Democratic Congresswoman Norma Torres criticised the memorandum in a statement Thursday, calling it a “misguided agreement” and highlighting the involvement of security forces with drug trafficking and organised crime.
“Far too many Central Americans have already suffered at the hands of corrupt and abusive security forces; they are demanding justice, not a blank check for soldiers and police,” wrote Torres.
Also on Thursday, Democratic Congressman Hank Johnson and his colleagues reintroduced the Berta Caceres Human Rights in Honduras Act. Named after a prominent Honduran indigenous rights and social movement activist murdered in 2016, the bill would place further restrictions and conditions on US aid to Honduran security forces.
“For years, members of the Honduras police and military have engaged in corrupt practices and gross human rights abuses without consequence. By limiting funding, we have the opportunity to force the Honduran government to investigate and prosecute these crimes,” Johnson said Thursday in a statement.
Over the course of the past five months, Al Jazeera has spoken with many Hondurans who cited targeted repression and violence by state forces as their reason for fleeing north, though poverty, unemployment, and gang violence are more often cited. Individuals’ reasons vary, as does whether or not they travel in visible caravan groups, but either way, the exodus continues.
Mexican secretary of the interior Olga Sanchez said Wednesday that the Mexico is expecting a “mother of all caravans” from Honduras that could include as many as 20,000 people. Her comments came on the heels of a meeting Tuesday with Nielsen.
Announcements for a Honduran caravan leaving Saturday from San Pedro Sula have been circulating on social media, but the source of Sanchez’s dubious claims concerning its size is unclear. Honduran deputy foreign affairs minister Nelly Jerez contested the claim.
“Intelligence forces, not just those from Honduras but also the ones that were here meeting with secretary Nielsen in a Northern Triangle meeting we had in our country, none of us has any information about the formation of a mass departure or mobilisation of people,” Jerez said Thursday in an interview with Mexican newspaper El Sol de Mexico.
Migrant rights activist group Pueblo Sin Fronteras accused Sanchez of serving Trump’s immigration policy interests by inciting fear to justify harsh measures against Central American migrants.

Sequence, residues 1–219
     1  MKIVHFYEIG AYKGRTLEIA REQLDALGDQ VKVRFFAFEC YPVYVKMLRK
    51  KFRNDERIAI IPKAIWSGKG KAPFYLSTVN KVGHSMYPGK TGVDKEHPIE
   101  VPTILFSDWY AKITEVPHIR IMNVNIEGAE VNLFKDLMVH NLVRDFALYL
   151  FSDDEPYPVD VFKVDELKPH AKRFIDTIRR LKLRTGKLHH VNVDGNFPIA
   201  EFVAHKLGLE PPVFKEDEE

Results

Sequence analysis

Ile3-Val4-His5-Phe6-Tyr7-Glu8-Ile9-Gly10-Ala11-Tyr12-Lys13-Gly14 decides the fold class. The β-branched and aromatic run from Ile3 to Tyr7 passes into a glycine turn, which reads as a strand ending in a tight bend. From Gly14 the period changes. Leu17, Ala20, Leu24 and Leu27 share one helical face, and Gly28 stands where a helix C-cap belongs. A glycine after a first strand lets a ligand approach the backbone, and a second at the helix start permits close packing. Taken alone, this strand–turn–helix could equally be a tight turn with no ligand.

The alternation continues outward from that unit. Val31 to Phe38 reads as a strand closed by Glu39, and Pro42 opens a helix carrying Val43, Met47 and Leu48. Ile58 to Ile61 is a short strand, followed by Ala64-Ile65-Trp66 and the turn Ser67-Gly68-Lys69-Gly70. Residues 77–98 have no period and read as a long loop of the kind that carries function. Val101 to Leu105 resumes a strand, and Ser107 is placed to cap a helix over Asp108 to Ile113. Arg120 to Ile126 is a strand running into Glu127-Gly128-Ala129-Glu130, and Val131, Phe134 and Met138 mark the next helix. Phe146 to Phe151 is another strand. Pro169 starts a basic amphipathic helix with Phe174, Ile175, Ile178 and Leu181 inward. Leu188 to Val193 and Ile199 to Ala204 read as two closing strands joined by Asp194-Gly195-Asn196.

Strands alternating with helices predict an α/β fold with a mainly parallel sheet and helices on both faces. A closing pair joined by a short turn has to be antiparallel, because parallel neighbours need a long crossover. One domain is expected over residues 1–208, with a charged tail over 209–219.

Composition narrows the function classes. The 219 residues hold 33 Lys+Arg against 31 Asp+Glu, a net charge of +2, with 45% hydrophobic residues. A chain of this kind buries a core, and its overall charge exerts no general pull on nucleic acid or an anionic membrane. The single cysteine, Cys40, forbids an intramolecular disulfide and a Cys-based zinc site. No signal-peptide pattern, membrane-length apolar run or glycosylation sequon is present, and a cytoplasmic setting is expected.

“The only certainty is that after the meeting with Nielsen, the Mexican government put forward the ‘mother of all caravans’ idea in its discourse to justify the US mandated containment,” the group said Thursday in a public statement.
Sanchez also announced the Mexican government was sending federal police and other personnel to set up immigration checkpoints in southern Mexico, where a caravan of some 2,500 people, most of them Central Americans, has been gradually advancing northward this week.
Trump threatens to close the border
Meanwhile, Trump appeared to contradict Neilsen’s celebration of the regional security cooperation memorandum, accusing Central American countries and Mexico of “doing nothing”.
On Thursday, he threatened to close the southern border in a tweet, saying “Mexico is doing NOTHING to help stop the flow of illegal immigrants to our Country”.
He added, “Likewise Honduras, Guatemala and El Salvador have taken our money for years, and do Nothing”.
Trump has made the threat several times before, but has never acted. On Friday, he repeated the threat, however, saying he would close the border next week if “Mexico doesn’t immediately stop ALL illegal immigration coming into the United States throug (sic) our Southern Border”.
Mexico’s foreign relations secretary, Marcelo Ebrard, responded, saying “Mexico doesn’t act based on threats”.
New Daesh leader was informant for US, says counter terrorism report
NEW YORK: The man widely believed to be the new leader of Daesh was once an informant for the US, according to a new report from the Combating Terrorism Center (CTC), a research body at the US military academy of West Point in New York. “Stepping Out from the Shadows: The Interrogation of the Islamic State’s…
NEW YORK: The man widely believed to be the new leader of Daesh was once an informant for the US, according to a new report from the Combating Terrorism Center (CTC), a research body at the US military academy of West Point in New York.
“Stepping Out from the Shadows: The Interrogation of the Islamic State’s Future Caliph” is based on Tactical Interrogation Reports (TIRs) — the paper trail the US military creates when enemy fighters are detained and interrogated — from Al-Mawla’s time in captivity in the late 2000s.
Before his release in 2009, Al-Mawla named 88 extremists involved in terrorist activities, and the information he divulged during his interrogations led US forces in the region to successfully capture or kill dozens of Al-Qaeda fighters, the report claims.
The CTC said it is “highly confident” Al-Mawla became the new leader of Daesh after the previous leader, Abu Bakr Al-Baghdadi, was killed in a US air raid in Syria in October 2019.
Although Daesh announced that a man called Abu Ibrahim Al-Hashimi Al-Qurashi was Baghdadi’s successor, US officials have also stated that Al-Qurashi’s true identity is actually Al-Mawla — also known as Hajj Abdullah.
Before joining Daesh, Al-Mawla is believed to have been the deputy leader of Al-Qaeda.
While details about the operation resulting in his capture are scarce, the TRIs reveal that he was captured on January 6, 2008.